Context: Although influenza vaccination is recommended for children with asthma, only a minority are vaccinated. One reason for low influenza vaccine coverage among children with asthma may be concern that influenza vaccination may induce an exacerbation of asthma.
Objective: To evaluate the safety of influenza vaccination in children with asthma, we studied the incidence of hospitalizations and emergency department visits for asthma following influenza vaccination.
Design: Retrospective cohort study-analysis of population-based computerized medical and vaccination records.
Setting: : Four large health maintenance organizations on the West Coast of the United States.
Subjects: Children with asthma 1 through 6 years of age, identified by search of computerized databases of medical encounters and pharmacy prescriptions.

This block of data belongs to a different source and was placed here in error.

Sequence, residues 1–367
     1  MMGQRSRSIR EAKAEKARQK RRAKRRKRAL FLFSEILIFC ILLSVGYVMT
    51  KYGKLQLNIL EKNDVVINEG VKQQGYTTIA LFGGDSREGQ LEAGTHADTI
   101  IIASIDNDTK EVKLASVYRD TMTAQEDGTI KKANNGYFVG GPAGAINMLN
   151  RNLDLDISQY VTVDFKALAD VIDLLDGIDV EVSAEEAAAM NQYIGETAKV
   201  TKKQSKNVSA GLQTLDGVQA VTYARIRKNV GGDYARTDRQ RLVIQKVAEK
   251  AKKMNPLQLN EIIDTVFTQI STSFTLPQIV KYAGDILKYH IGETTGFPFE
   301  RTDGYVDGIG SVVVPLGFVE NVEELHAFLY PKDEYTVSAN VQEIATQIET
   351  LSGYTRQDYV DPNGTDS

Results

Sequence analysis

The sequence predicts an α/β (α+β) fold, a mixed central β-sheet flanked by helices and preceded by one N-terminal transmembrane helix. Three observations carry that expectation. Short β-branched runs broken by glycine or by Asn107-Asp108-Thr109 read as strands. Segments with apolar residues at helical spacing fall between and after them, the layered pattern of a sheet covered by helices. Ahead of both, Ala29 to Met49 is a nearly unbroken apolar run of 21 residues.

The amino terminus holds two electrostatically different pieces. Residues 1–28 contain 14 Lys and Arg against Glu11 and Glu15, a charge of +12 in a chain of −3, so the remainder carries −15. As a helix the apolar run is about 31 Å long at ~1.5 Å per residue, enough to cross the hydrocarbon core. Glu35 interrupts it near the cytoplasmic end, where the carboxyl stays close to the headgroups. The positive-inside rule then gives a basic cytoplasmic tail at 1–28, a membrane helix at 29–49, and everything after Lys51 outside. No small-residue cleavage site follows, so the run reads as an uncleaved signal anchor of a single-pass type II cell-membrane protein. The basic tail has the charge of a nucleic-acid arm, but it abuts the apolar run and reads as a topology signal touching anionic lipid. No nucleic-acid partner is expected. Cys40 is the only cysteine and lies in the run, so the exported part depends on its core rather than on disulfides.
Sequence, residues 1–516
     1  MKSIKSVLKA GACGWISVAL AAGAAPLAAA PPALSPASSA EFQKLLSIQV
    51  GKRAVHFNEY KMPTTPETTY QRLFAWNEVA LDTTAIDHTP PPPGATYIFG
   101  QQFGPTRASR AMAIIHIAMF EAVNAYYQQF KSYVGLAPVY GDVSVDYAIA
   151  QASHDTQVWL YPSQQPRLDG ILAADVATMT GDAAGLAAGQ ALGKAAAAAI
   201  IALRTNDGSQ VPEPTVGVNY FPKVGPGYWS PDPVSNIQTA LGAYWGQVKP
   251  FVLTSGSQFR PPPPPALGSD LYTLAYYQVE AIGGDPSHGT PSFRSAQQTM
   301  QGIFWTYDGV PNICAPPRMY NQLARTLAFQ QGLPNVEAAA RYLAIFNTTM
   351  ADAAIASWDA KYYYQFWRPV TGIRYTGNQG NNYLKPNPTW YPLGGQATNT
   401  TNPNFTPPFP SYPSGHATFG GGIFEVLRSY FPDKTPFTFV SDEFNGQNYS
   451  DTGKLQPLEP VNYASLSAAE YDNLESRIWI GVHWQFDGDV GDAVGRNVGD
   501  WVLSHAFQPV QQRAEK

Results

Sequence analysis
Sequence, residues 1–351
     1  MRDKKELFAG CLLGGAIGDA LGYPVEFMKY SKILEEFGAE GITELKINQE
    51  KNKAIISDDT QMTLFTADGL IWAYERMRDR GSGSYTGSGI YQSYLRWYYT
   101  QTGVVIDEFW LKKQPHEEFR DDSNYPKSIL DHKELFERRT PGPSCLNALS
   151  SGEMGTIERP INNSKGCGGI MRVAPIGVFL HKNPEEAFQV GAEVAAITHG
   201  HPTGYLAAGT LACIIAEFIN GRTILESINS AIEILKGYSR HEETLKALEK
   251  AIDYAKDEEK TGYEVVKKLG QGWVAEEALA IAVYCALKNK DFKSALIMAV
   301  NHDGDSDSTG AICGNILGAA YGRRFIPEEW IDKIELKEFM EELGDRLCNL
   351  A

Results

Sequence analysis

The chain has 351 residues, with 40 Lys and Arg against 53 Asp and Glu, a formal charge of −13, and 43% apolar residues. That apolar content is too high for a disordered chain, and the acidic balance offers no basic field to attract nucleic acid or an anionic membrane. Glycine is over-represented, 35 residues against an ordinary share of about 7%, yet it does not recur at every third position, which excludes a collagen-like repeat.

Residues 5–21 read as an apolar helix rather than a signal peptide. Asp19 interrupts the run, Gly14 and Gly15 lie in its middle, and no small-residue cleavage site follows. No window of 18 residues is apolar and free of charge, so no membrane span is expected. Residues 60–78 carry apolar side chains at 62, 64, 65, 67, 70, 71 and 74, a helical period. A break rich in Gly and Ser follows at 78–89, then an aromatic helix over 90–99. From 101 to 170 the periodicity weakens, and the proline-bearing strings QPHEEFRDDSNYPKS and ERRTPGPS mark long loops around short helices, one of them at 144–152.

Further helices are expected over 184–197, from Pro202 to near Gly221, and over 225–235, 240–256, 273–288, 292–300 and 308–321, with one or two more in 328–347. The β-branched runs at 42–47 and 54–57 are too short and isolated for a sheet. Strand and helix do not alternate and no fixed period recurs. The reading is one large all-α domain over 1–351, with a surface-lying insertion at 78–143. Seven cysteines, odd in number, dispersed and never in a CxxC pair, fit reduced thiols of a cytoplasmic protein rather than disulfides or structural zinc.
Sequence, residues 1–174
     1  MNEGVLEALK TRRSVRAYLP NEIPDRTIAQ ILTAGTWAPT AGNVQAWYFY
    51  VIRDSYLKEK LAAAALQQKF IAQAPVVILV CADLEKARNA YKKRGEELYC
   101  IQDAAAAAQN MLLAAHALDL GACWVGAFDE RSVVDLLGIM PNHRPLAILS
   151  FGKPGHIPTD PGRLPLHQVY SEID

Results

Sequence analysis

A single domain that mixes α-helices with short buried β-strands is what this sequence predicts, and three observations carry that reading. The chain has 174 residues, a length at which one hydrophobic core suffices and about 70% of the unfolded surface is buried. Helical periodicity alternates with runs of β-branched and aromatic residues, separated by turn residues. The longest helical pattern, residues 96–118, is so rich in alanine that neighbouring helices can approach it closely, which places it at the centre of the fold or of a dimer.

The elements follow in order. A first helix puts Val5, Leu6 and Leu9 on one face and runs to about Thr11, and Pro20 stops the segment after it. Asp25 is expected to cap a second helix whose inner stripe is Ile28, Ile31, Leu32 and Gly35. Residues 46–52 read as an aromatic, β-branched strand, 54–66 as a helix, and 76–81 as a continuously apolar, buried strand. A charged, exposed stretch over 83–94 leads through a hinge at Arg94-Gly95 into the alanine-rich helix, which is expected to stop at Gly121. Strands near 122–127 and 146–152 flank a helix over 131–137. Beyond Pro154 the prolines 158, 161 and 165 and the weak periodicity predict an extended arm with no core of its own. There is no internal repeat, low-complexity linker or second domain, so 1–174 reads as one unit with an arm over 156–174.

Main outcome measures: Exacerbations of asthma.
Results: In unadjusted analyses vaccination was associated with high rates of asthma exacerbations. However, after adjusting for asthma severity using a self-control method, the incidence rate ratios of asthma exacerbations after vaccination were 0.58 (95% confidence interval, 0.36-0.95), 0.74 (95% confidence interval, 0.47-1.17), and 0.98 (95% confidence interval, 0.76-1.27) during the 3 influenza seasons.
Conclusions: After controlling for asthma severity, we found that influenza vaccination does not result in acute asthma exacerbations in children. Concern about possible exacerbation of asthma is not a valid reason to not vaccinate children with asthma against influenza.